Such comprehensive support is critical, notes Ross. Why? "Because these young people might not otherwise get that chance." she explains.

In June, Losoya, returned as a second-year intern, researching education policy, entering data and attending mayoral events. "It helps me feel like I am working with a purpose," she says.

Now weeks into her latest stint, Losoya enthusiastically gives a rundown of the program's impact on her life: "With the confidence I gained, I decided to run for class president in my school — and won!"

That initiative is now taking Losoya to college. She starts at Texas State University in the fall with a full scholarship.

"I'm very excited to see what the future holds," she exclaims.

The Summer Job Ripple Effect
According to the findings of a separate Brookings Institution report, summer youth employment programs can also have a ripple effect in the communities they serve. For example, the study showed that engagement in one Boston summer youth employment program led to a significant dip in arraignments amongst participating students for violent and property crimes, at 35 percent and 57 percent respectively, in the 17 months following program participation.

In Louisville, Kentucky, with help from JPMorgan Chase, the SummerWorks program led by Mayor Greg Fischer is also helping build a pipeline to the city's future workforce. The program is an initiative of KentuckianaWorks – a workforce development board working to engage employers, job seekers and educators in the Louisville region to build a stronger community through work.


Mayor Fischer says programs like these provide "critical building blocks for young people" and "are especially important for those youth who otherwise might not have the opportunity." And there is plenty of evidence to suggest he's right. According to KentuckianaWorks executive director Michael Gritton, SummerWorks high school students are 12 percent more likely to be employed a year after the program and 21 percent more likely to be at a higher education institution. "We are trying to work with kids to get them ready for success in employment and life,' asserts Gritton.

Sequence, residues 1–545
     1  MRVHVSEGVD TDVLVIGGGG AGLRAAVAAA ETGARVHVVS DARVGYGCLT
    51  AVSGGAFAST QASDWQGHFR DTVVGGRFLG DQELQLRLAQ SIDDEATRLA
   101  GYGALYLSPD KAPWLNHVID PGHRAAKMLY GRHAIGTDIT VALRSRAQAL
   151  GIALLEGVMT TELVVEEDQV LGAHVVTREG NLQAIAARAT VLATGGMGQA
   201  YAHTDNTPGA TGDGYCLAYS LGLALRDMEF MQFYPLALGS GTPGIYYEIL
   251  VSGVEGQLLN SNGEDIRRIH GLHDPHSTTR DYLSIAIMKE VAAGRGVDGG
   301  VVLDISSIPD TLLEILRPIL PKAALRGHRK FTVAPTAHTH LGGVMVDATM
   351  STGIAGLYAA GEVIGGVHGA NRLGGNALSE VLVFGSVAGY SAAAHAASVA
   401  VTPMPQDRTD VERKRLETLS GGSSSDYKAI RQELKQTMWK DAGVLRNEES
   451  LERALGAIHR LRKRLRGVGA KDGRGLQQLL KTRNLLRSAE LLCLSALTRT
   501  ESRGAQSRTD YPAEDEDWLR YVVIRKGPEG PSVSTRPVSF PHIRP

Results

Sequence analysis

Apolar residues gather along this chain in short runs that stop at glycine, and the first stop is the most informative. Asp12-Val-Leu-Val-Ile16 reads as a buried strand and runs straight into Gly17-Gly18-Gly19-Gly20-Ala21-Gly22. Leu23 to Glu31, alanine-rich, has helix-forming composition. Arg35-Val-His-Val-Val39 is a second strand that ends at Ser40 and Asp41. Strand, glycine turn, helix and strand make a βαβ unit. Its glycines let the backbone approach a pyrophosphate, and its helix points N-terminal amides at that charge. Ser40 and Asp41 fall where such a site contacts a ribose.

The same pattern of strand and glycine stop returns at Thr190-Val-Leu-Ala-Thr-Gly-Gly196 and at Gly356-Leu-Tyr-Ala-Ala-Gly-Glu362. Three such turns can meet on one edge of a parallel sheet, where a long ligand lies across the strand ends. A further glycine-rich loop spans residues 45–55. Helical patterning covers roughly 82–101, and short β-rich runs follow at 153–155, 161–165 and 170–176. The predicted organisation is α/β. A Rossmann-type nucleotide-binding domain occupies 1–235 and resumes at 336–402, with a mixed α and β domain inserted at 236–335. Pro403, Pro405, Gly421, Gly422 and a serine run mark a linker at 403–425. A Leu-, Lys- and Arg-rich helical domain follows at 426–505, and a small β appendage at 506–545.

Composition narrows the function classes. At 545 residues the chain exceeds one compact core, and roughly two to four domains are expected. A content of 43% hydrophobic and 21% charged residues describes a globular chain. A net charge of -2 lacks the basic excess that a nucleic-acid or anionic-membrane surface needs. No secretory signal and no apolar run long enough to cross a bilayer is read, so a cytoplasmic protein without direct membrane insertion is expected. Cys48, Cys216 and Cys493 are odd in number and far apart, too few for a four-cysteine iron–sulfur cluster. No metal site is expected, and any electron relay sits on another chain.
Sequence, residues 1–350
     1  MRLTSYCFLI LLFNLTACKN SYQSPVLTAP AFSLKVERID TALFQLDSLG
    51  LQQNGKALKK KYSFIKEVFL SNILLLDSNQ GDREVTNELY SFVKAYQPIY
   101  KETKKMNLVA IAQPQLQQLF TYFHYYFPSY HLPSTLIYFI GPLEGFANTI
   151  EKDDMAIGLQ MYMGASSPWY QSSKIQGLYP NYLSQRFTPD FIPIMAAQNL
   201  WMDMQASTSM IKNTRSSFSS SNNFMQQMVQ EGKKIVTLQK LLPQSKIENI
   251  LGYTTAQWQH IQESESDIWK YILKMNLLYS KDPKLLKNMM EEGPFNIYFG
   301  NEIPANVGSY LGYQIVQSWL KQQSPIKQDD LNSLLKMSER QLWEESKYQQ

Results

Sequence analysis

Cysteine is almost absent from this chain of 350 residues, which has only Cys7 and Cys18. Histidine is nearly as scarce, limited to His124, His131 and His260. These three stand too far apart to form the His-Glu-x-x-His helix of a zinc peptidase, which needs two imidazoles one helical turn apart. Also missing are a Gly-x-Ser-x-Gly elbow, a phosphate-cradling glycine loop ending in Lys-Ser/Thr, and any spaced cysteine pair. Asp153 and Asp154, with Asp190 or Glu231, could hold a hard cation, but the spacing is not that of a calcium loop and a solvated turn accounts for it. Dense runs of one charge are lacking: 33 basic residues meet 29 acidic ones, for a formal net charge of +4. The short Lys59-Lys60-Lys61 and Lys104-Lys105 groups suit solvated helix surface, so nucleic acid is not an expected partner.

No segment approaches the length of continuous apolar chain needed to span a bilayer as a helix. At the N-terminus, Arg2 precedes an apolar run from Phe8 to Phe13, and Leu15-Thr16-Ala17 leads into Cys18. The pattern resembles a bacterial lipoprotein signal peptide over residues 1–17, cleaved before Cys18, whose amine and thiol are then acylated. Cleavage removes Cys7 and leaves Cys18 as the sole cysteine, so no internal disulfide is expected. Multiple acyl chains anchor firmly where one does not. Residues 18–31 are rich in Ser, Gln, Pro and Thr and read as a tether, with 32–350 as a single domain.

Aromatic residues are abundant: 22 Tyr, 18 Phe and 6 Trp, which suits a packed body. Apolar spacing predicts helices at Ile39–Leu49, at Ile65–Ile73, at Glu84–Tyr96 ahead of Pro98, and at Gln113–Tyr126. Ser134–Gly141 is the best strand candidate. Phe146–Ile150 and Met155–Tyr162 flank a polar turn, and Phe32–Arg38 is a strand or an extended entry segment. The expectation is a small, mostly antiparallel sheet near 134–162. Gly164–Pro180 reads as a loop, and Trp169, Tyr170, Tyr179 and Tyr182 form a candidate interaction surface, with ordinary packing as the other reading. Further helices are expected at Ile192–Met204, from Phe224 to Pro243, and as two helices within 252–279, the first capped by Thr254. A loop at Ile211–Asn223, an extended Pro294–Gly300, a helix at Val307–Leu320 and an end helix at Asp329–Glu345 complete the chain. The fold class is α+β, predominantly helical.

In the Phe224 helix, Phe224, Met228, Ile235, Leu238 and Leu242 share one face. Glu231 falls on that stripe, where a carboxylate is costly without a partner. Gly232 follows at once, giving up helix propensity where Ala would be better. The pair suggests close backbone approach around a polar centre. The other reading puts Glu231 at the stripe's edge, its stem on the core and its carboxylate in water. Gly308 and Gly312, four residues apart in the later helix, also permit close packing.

Kenneth Albyati, 20, started working part time at GE Appliances in Louisville, KY through SummerWorks in the summer of 2016. It marked a shift in his life, having worked at a fast food chain for almost two years. "My mom came home one day and was talking about a summer job that could bring more opportunity. That's all I really needed to hear," he says.

That summer job helped Albyati stay on track and out of trouble. "I really feel like it did because it gives you something to do throughout the day," he says.

The Butler Traditional High School graduate leveraged that into full-time employment, balancing a nine-credit course load each semester at Jefferson Community and Technical College. He paid for college out-of-pocket before breaking this summer to study for his HVAC license.


With two years at the company, the aspiring mechanical engineer's workday now includes the assembly line, where he builds washer transmissions as part of a three-man rotation. "Honestly, I didn't imagine myself being here," he admits.

Yet, he is. And is still learning.

"Communication is probably the main thing that I've learned while working here," says Albyati, who regularly engages with peers and team leadership, even occasionally offering input when a machine breaks down.

Ultimately, Albyati praises the SummerWorks program and working at the company for getting his foot in the door and moving closer to his professional goals. Because without this opportunity, he doesn't know what life would be like now. "Only God knows," he says.